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Vodacom keeps ‘please call me’ inventor waiting

The “Please Call Me” service allows prepaid mobile phone subscribers to send a message for free to other users asking to be called back. FILE PHOTO | NMG
The “Please Call Me” service allows prepaid mobile phone subscribers to send a message for free to other users asking to be called back. FILE PHOTO | NMG 

South African telecom giant Vodacom is yet to pay the inventor of its ‘Please Call Me’ service over a year after the country’s Constitutional Court ordered the firm to do so.

Kenneth Makate, Vodacom’s former employee, nine years ago accused the telecom firm of launching the SMS product in 2001 and not compensating him for developing it.

Mr Makate was demanding about 15 per cent of the services’ proceeds from Vodacom, a claim which would have seen the telecom part with billions of shillings.

On April 26 last year, a South African court ordered Vodacom, which owns 35 per cent of Safaricom #ticker:SCOM, to reach a settlement package with Mr Makate within a month of the ruling.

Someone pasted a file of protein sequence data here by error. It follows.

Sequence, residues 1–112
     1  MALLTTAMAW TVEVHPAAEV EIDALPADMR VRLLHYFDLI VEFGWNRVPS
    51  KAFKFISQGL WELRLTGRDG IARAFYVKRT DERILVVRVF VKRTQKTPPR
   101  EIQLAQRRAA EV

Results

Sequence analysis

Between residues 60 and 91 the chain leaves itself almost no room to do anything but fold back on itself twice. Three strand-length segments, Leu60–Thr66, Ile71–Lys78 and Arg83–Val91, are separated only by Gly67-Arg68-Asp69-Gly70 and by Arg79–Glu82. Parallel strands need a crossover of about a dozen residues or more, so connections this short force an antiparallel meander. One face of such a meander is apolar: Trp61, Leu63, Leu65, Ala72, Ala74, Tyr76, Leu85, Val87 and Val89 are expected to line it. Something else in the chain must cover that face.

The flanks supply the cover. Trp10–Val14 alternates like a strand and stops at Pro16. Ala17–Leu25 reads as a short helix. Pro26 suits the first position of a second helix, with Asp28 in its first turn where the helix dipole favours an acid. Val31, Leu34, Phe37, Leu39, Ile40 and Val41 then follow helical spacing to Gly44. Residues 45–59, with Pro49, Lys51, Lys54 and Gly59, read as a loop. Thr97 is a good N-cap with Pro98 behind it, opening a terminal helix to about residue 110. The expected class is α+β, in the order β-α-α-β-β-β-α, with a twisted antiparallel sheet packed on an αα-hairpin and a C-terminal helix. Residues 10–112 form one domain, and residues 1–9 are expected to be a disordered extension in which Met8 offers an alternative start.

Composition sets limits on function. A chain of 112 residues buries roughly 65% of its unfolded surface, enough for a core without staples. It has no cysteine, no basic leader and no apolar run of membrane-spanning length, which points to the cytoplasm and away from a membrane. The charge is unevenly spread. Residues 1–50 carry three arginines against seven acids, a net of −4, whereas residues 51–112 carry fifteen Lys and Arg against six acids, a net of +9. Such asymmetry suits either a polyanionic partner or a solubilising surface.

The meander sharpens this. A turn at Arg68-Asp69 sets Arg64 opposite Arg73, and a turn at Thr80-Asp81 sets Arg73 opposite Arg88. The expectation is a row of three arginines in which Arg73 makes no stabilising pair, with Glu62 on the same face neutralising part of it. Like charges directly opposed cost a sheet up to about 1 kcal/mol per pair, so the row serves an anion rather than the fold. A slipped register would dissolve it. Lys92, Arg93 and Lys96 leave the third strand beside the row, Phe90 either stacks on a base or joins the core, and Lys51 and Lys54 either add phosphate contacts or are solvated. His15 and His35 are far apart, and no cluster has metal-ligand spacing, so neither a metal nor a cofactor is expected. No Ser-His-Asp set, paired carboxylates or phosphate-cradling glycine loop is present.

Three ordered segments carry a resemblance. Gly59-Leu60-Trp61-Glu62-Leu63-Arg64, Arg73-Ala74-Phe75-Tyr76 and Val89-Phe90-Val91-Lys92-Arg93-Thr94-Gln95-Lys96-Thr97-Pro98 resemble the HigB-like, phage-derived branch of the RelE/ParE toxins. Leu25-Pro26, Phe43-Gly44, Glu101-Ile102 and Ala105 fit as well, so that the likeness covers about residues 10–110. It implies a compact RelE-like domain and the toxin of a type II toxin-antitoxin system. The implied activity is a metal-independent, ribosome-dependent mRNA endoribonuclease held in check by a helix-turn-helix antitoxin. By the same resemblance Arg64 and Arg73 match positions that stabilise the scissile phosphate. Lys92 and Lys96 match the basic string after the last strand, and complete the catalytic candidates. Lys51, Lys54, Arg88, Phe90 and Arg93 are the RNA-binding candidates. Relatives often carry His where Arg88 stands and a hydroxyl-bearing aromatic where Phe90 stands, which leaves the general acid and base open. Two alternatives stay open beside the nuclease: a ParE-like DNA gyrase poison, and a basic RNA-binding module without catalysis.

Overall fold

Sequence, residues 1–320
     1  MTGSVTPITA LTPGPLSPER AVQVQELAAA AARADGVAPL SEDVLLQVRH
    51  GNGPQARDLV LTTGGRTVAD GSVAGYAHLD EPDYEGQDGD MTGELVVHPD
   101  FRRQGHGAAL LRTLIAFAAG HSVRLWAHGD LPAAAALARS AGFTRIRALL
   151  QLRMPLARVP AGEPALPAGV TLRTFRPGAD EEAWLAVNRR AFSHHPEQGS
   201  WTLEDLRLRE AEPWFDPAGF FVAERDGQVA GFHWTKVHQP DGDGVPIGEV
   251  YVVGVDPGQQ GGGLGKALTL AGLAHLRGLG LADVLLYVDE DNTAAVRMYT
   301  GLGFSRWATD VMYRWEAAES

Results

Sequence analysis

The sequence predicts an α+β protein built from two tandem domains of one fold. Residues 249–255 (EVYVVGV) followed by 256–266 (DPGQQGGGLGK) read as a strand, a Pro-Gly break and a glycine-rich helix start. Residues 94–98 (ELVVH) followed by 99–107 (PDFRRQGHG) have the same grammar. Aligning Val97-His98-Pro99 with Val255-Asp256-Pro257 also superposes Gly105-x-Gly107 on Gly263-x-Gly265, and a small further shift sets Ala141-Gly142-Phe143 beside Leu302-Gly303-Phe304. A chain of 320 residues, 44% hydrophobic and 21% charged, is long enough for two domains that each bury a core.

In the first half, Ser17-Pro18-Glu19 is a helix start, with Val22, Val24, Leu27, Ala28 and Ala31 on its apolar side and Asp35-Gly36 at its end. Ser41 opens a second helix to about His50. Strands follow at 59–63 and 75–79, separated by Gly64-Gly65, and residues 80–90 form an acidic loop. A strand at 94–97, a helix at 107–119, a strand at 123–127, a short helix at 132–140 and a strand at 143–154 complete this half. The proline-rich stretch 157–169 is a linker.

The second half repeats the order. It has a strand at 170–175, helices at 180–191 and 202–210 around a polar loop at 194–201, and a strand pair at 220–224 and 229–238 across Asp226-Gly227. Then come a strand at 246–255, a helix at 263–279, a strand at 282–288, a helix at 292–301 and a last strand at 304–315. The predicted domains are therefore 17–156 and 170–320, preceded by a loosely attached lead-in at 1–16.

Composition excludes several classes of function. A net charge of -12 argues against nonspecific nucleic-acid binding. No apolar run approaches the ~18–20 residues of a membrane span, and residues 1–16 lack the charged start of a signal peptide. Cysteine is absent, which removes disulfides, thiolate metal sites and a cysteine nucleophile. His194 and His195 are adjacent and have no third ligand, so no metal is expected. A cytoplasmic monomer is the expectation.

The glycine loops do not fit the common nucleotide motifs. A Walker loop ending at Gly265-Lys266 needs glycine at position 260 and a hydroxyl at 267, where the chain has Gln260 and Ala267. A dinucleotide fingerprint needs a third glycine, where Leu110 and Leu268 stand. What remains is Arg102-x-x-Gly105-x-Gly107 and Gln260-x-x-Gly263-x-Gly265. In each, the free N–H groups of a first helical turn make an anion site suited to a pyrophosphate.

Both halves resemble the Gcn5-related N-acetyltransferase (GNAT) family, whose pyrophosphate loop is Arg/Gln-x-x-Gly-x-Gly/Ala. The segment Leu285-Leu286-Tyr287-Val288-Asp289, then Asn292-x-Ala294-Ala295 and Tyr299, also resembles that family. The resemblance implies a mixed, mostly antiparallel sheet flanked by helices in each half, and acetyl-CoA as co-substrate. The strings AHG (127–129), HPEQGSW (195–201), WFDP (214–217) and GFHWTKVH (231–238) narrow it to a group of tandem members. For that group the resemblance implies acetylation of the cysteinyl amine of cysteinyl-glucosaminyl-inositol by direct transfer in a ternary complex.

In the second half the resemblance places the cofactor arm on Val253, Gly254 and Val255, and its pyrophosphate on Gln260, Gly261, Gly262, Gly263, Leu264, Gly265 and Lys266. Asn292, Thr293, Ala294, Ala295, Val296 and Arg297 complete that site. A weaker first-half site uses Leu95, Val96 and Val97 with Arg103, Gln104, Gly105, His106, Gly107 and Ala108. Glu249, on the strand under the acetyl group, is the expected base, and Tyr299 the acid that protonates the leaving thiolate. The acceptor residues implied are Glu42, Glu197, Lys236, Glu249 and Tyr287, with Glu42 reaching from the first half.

Vodacom’s latest financial filings for the half year to September show that the company is yet to pay off Mr Makate for the service which its parent company -- UK-based Vodafone -- thereafter rolled out in several countries including Kenya.

“Negotiations with Mr Makate in accordance with the court order to determine a reasonable compensation for a business idea that led to a product known as ‘Please Call Me’ are ongoing,” Vodacom notes in its financial reports.

The “Please Call Me” service, which became quite popular locally, allows prepaid mobile phone subscribers to send a message for free to other users asking to be called back.

Mr Makate told the court that his idea was inspired by a long distance relationship he had with his girlfriend at the time. As calling was expensive, he needed something that his girlfriend would use to alert him to call.

He later presented the idea to the firm’s director of product development and management and the two verbally agreed to test the idea for commercial viability. If it worked, Mr Makate was to receive a share of revenue generated. Vodacom initially offered the service for free but later charged users a percentage.

The company, in rebuffing its former employee’s claim, argued that the invention was by its chief executive officer, leading to drawn out battle which ended last year.

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